Instead of 3D beings on a four dimensional plane, well make an analogy out of two dimensional beings. Take some 2D ants for instance, that live on a 3D sphere.  These ants can walk along the surface, measure it with their own system and etc. But they can never physically experience our so called ‘up or down’ in a direct sense (i.e. they do it themselves). It might also be worth noting, that if the ant started to go in one direction, it would eventually reach the same predispositioned spot. However if there is no conceived starting point, you have the ability to circle the sphere ad infinitum.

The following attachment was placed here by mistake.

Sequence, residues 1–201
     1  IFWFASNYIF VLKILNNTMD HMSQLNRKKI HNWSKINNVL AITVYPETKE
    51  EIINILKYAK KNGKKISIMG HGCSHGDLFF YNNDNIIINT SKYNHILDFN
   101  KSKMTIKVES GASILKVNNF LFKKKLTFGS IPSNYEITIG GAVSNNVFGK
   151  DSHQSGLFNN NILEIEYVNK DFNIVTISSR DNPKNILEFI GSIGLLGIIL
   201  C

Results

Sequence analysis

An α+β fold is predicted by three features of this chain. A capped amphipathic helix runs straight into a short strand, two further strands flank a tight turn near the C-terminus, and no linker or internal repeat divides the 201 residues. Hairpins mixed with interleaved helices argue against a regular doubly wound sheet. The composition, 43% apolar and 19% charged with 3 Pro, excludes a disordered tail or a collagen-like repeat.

It may also help to explain the expansion of our universe. From our perspective the heavenly bodies are all moving away from us (except Andromeda, but that’s because it’s within our galaxies gravitational pull). Now, if you take the sphere back, (say it’s a balloon) and put two dots with a sharpie on it. Now, if you blow up this bubble more you’ll see that the two dots get farther and farther from each other, much like our own universe. Only, in our case it’s a 4 dimensional object that is expanding.